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Comments:

  1. I don’t think that android users are attached to a brand. In my case, I have chosen between several brands before buying the phone, (Samsung, Sony, LG…). In addition, I’ve chosen and “old” model that runs smoothly the latest Android version, I’ve been waiting and studying several models. I would say that buying an iPhone the first day is not a conscious choice but an impulsive one. In addition, just released products have flaws, so buying it the first day is more like being a tester.

    I use several app, all free, among them you can find the “Rain Alert”, Maps (also offline), email, google drive (spreadsheets, documents), games…

    In Android, there are plenty of choices of high-end and other market segments phones. There are a lot app, but I think that Android users usually go for the free ones.

  2. Purchasing of iPhones may be social signalling of wealth and taste for some. Other people are excited by technology and like to try out new stuff. These are conditioned reactions to marketing not actually impulses. All these users are wealthy enough to make that choice and regularly buy new devices. These are nice products for nice people.

    What’s the marketing opposite of the “long tail”?

    Disclaimer: I bought my Android phone from a yard sale. I forgot the brand.

  3. One very simple factor: in the iOS ecosystem, there are 3 viable models right now. How many high-end-ish phones does Samsung have? S4 and S5 in several editions (regular, mini, active); Edge; Note; Duos… AT&T wireless has 10 listed as currently available. Sales in the Android domain are split over more models.

  4. There’s another gotcha in this graph: the Apple numbers are all for the first 1-3 days only, and the Samsung numbers are for 30-60 days. But the numbers are *per*day* sales. So Samsung had those lower numbers consistently over 30 days, and we don’t know what the drop-off was in Apple’s numbers. I don’t doubt that Apple’s numbers are higher, but this chart is deceptive.

  5. No, I don’t think that’s the gotcha. That’s the whole point of the graph. the iPad 3 had 1 mil of sales in 3 days, the S5, in 30 days, has yet to reach that number. Maybe it would have been clearer to have all bars at the same number of days, but then the samsung stuff would be 1 pixel on the left side of the graph..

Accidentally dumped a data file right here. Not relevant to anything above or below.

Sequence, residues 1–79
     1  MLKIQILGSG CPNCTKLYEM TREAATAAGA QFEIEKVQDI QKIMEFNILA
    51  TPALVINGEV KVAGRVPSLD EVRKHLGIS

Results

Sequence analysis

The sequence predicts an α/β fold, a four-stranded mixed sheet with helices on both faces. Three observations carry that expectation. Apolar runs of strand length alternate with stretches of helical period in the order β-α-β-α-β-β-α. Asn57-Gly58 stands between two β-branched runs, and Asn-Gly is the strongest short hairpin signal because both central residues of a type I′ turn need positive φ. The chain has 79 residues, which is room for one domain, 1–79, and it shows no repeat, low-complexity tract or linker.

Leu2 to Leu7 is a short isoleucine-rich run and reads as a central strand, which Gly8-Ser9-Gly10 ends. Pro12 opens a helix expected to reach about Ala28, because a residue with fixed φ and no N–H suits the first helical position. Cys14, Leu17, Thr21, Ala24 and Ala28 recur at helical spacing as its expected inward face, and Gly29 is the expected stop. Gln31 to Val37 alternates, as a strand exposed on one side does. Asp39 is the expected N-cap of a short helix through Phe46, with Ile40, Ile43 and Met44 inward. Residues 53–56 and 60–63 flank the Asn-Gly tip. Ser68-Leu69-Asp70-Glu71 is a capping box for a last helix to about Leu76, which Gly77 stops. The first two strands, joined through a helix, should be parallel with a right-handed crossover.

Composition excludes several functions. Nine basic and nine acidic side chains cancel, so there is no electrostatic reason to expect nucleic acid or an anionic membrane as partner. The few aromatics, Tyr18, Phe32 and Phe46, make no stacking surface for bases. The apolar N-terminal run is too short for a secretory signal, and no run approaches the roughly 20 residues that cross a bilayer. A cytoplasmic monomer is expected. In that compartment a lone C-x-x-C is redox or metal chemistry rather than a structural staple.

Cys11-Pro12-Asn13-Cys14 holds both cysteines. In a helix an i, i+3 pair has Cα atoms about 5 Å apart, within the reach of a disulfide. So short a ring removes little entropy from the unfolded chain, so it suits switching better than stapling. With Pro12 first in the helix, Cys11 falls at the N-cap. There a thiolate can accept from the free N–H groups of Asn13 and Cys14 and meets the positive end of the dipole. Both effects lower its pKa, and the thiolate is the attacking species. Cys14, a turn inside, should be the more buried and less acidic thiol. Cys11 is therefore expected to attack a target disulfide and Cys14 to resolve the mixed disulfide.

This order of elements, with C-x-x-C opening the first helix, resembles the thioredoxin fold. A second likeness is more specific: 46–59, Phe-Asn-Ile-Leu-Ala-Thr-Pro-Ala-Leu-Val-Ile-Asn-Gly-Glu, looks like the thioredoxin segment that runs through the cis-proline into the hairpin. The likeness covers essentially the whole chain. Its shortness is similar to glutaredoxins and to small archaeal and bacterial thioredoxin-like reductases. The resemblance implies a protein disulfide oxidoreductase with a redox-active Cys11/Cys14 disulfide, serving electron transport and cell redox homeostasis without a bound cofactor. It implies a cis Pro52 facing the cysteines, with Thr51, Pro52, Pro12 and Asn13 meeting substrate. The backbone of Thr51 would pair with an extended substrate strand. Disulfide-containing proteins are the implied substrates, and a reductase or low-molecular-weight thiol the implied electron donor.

6. You are not comparing like with like. It’s a false comparison and the sort of sub high school use of stats that Apple cultists trot out to prove that their gang is the bestest ever, like deranged One Direction fans.

    When I upgraded from my Samsung S3 earlier this year I had a wealth of options to choose from (of which the Iphone was one) offering different combinations of features, allowing me to select the one that best suited me.

    With Apple, an upgrade means a choice of 1. New iphones are an event. So yes, if you are a devotee you are naturally going to want the latest iteration and you will want it as soon as it comes out. With Android there is no such pressure to upgrade to the latest model, as there are new and improved models coming out all the time. A new Samusung simply is not a big thing that will drive people to preorder.

    I can’t wait to find out what is wrong with the new iphone as 4 million people at once find out that holding it the wrong way cuts the signal, or syncing it with the cloud wipes everything or some such.

    For the record I switched to HTC.

  7. @John: The graph clearly says “units/day”. It’s meant to deceive.

  8. Or rather, it says “units/day” once you pay attention. It’s not actually *clear*, which is that makes it deceptive.